Since 2014, New Zealand media outlets and some worldwide news organisations have had an agreement with the New Zealand government and the Red Cross to not make Akavi's abduction public, with fears it could put her life in jeopardy.
There is her extraordinary courage, spending decades putting her skills and undoubted passion for nursing into practice in some of the world's most risky places for the International Red Cross.
Most recently, Ms Akavi was believed to have been spotted in the ISIS stronghold of Sousa in December previous year.
In response, a spokesman for the Prime Minister later said New Zealand's objections were clearly made from the outset through the Foreign Minister Winston Peters' office to ICRC director-general Yves Daccord, as well as via the Ministry of Foreign Affairs and Trade post in Geneva. "This has been a uniquely complex and hard case. That is exactly what we have done here".
"This has involved members of the NZDF (New Zealand defence force) drawn from the Special Operations Force, and personnel have visited Syria from time to time as required", he said.
Media silence then ended Sunday after the ICRC published its call for information and spoke to the New York Times, putting her name out into the public, a move New Zealand disagreed with. This non-combat team was specifically focused on locating Louisa and identifying opportunities to recover her.
"Our sister and aunt Louisa was taken in Syria in October 2013".
Her frail mother, who is believed to have died in 2016, had not been told of her capture, and the family were terrified of what the shock of finding out might do to her.
New Zealand media have long known about her abduction but have not mentioned it due to an agreement with the local government. But there are hopes her medical skills might have caused her captors to spare her. "However, the New Zealand Government continues to work tirelessly to locate her and bring her to safety". Four of the abductees were released the next day, however, Louisa's fate, and that of her two Syrian colleagues, remains unknown.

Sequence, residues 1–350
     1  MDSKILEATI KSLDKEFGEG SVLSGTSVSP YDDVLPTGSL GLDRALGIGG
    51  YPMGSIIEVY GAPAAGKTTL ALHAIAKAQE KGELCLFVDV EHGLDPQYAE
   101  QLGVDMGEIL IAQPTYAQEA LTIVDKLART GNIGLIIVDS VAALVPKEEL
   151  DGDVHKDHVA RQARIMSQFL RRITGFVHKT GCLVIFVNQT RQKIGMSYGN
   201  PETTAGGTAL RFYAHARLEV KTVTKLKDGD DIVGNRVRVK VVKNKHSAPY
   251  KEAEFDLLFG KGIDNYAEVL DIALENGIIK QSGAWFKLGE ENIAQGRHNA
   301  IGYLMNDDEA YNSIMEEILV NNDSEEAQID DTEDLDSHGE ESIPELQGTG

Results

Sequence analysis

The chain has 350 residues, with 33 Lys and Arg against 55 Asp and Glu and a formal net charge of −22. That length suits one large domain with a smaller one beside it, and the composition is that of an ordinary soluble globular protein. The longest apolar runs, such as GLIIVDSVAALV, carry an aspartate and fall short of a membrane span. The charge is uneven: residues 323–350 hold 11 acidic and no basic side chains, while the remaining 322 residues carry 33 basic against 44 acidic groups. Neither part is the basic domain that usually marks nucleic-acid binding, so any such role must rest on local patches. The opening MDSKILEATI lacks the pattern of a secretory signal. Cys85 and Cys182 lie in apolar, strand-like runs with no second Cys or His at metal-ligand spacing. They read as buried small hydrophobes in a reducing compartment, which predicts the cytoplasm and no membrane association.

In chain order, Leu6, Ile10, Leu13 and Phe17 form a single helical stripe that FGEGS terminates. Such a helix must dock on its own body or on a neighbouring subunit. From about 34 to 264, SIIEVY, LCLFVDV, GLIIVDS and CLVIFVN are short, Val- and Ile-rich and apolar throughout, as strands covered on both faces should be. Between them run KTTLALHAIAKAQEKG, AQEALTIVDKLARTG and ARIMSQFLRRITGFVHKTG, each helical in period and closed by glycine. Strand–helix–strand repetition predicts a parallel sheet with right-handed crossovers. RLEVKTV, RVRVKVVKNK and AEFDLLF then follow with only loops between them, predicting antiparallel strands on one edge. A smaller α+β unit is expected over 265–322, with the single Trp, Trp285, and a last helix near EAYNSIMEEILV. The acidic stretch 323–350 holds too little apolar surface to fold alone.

Syrian driver Nabil Bakdounes.
Dog rescued while swimming 220 kilometres off Thailand
The dog continued to hold on for dear life, watching the workers as they figured out how to get the animal safely on board. Video that Payalaw posted on Facebook shows the shivering animal partially submerged in water, staring up at the workers.
The New Zealand government is reported to have opposed the ICRC's decision to allow The New York Times to report Ms Akavi's name and nationality.
Prime Minster Jacinda Ardern said in a press conference Monday that she will not comment on the actions of others.
Earlier, International Committee of the Red Cross director of operations Dominik Stillhart said the organisation was issuing a public plea for the return of Ms Akavi.
"We are speaking out today to publicly honor and acknowledge Louisa's, Alaa's and Nabil's hardship and suffering", Stillhart said.
"With Islamic State group having lost the last of its territory, we felt it was now time to speak out", he added.
"Following the fall of the last territory held by Islamic State group, we fear there is an extra risk of losing track of Louisa."
A relative of Ms Akavi said the family had a strong presence in the town of Porirua on New Zealand's North Island.
"Louisa is a true and compassionate humanitarian". In 2014, she was among a group of hostages moved by IS only hours before a raid by USA special forces that aimed to free them.
The ICRC said its last credible information regarding Akavi's well-being came in late 2018, but it had never been able to ascertain if Rajab or Bakdounes were dead or alive. "If our colleagues are still being held, we call for their immediate and unconditional release".
The government's thoughts were with the family, he said.
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